Centennial-scale sequence of environmental deterioration

To further evaluate this hypothesis, we concentrate on the uppermost 4 cm (ca. 2000 yr) of our record, which includes the onset of the EPME as defined by the extinction of Paleozoic corals and fusulinids32. Statistical analysis based on eighteen fossiliferous sections in south China and peri-Gondwana (Tibet, Kashmir, and the Salt Range of Pakistan) indicates that the EPME starts from the top of Bed 24e with the main phase being Bed 25 at the GSSP Meishan section37. Geochronological and paleontological studies of the Penglaitan section, which is stratigraphically expanded compared to the GSSP Meishan section, further support the main phase of extinction being located at Bed 2538. In addition to the molecular and elemental markers described before, we include sulfur (S) abundance (also compared to iron (Fe) to identify pyrite layers) as well as existing framboidal pyrite data39 as indicators for euxinic conditions in the water column and/or the depositional environment40 (Fig. 4).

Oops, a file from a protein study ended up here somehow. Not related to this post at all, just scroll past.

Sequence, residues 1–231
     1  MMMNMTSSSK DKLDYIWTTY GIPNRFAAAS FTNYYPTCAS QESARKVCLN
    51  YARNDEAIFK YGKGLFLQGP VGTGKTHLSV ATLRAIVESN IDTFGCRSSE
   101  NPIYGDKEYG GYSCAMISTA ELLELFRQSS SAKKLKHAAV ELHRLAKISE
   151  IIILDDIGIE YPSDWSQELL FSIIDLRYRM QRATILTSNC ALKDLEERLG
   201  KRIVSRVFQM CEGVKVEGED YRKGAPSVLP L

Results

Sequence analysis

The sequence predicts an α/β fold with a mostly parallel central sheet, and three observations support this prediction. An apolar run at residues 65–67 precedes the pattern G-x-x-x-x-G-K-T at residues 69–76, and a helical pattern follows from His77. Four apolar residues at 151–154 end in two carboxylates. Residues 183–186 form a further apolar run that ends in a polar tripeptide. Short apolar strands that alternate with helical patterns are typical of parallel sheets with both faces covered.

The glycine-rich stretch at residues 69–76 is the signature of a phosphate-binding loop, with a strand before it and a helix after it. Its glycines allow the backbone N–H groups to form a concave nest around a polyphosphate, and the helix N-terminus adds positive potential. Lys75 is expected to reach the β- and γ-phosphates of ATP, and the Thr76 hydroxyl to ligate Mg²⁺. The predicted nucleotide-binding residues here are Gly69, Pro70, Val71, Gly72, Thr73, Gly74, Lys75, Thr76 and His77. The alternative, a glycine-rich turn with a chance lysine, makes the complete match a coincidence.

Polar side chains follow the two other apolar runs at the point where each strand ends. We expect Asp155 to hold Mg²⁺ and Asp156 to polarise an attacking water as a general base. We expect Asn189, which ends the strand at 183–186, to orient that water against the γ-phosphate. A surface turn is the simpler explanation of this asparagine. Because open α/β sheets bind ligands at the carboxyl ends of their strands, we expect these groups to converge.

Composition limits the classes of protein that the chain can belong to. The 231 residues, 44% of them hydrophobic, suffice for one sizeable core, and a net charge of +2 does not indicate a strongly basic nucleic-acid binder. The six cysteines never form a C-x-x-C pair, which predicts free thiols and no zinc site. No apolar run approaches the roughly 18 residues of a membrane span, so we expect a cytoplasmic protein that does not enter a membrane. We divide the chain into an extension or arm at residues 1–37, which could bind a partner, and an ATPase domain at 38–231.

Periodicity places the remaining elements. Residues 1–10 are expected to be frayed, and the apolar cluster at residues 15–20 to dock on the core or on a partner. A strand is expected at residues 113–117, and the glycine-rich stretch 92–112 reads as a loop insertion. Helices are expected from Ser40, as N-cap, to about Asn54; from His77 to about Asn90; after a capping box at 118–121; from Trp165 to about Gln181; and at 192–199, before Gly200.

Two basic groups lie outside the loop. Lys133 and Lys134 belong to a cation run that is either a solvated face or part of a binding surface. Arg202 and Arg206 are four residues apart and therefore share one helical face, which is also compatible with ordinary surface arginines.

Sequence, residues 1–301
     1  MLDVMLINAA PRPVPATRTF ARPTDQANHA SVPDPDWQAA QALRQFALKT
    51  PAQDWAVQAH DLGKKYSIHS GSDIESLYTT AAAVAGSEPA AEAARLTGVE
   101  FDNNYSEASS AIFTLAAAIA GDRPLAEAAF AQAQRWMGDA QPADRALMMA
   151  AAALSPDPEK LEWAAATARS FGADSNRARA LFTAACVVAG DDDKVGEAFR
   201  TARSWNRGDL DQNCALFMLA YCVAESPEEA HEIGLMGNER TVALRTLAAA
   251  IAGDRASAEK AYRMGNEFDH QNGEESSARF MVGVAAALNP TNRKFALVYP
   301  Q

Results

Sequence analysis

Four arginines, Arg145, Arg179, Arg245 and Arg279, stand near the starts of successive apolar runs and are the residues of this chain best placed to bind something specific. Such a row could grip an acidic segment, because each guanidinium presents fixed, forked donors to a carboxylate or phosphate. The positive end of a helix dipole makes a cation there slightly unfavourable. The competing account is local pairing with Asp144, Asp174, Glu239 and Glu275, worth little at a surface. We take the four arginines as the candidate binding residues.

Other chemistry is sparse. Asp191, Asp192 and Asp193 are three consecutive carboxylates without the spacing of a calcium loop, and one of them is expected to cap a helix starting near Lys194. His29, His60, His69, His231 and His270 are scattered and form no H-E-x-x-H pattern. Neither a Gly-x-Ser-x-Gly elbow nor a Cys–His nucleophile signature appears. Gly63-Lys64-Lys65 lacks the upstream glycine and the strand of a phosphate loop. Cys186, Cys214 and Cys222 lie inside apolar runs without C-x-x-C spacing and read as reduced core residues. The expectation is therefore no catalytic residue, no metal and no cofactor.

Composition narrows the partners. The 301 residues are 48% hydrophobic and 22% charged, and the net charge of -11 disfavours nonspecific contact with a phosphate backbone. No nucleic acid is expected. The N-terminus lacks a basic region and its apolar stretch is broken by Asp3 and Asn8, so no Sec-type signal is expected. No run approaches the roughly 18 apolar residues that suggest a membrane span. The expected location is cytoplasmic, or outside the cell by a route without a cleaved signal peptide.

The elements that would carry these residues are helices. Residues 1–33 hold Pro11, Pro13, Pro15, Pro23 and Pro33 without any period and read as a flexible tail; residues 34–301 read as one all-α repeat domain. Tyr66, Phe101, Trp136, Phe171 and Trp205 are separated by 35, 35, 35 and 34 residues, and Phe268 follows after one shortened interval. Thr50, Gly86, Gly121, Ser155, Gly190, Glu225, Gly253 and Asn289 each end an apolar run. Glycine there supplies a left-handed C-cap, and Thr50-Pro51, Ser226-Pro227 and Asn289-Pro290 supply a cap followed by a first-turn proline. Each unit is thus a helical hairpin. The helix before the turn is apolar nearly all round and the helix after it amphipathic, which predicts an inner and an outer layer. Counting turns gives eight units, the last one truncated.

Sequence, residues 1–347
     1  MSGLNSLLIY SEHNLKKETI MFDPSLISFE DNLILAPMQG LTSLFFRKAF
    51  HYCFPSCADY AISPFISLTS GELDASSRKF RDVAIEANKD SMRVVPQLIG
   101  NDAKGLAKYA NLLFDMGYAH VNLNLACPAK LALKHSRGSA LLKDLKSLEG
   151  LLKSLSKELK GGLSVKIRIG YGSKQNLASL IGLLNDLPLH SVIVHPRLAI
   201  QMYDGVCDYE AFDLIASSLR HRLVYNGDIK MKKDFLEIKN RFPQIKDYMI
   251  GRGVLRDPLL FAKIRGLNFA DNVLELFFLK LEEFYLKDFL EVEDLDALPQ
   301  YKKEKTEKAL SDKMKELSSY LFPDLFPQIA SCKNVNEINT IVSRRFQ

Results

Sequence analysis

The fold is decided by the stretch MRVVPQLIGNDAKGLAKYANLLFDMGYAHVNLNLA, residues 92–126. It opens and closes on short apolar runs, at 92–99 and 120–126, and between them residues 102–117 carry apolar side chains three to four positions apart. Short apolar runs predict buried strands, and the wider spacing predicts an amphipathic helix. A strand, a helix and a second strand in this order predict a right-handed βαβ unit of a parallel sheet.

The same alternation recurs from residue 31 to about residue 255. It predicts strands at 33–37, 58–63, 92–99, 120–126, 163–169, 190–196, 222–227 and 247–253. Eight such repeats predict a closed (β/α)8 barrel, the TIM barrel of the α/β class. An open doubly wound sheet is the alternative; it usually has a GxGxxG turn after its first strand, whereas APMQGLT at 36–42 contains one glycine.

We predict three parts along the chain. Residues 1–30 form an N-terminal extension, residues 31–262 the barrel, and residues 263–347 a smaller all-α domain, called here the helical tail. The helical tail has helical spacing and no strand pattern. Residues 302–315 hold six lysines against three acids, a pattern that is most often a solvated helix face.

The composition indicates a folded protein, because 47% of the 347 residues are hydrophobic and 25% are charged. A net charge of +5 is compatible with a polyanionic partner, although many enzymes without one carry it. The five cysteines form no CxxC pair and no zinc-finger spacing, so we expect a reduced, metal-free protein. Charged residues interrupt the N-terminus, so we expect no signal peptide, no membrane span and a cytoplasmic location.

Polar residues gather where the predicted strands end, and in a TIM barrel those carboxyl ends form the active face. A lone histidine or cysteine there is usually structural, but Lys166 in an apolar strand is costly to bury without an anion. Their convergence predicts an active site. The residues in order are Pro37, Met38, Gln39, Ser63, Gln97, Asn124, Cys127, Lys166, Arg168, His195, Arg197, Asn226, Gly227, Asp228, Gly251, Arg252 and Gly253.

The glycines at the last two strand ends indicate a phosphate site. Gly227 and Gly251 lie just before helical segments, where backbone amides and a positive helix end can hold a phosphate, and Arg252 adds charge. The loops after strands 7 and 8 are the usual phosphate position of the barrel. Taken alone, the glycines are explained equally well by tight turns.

Event 4 at Bed 24e, which immediately preceded the onset of the EPME is characterized by the largest peak of soil organic matter input as indicated by C2-DBF; this pulse of soil organic matter input was probably associated with episodes of mass wasting concurrent with, and promoted by, wildfires. Notably, this event is distinguished by the highest values of βα/(βα + αβ) ratios for C30 hopane isomers, indicative of oxic-soil organic matter input41. The occurrence of this event is in line with the terrestrial ecosystem oxidation event, as envisaged by the Hg isotopes and modeling of Hg cycling18 (Fig. 2). This peak in soil organic matter is followed by a peak in clastic material, indicating that after the topsoil had been stripped, the exposed bedrock may have become more susceptible to weathering and transport to the ocean. The intensity of the C2-DBF signal becomes weaker towards event 8 at the top of Bed 24e, following the maximum during event 4, while PAH intensity peaks are about equal during events 4–8 (Fig. 4). After event 4, soil organic matter input thus becomes less prominent. During event 7, a smaller C2-DBF maximum coincides with the maximum in Al, indicating that the weathering of soil and bedrock occurred almost simultaneously, probably due to the reduced thickness of the soil soon after the major mass wasting associated with event 4. Event 4 is thus identified as a turning point of terrestrial and marine ecosystem deterioration. Events 4 and 7 finally resulted in euxinia as indicated by the accumulation of framboidal pyrite, S, Fe, and pyrite laminae. Euxinia was probably caused by fertilization through terrestrial runoff that provided excess nutrients to the marine realm and reduced dissolved oxygen due to the aerobic decomposition of planktonic organic matter. Consequently, events 4 and 7 show highly characteristic maxima in wildfires and soil weathering, closely followed by maxima in bedrock weathering and/or soil leaching, and finally, euxinia. For event 8, for which maxima in PAH abundances and PAH7/5 were recorded, Al, S, and Fe peaks are not observed, but are expected to be part of the subsequent ash bed (Bed 25-1) as pyrite laminae have been reported at the base of this bed42.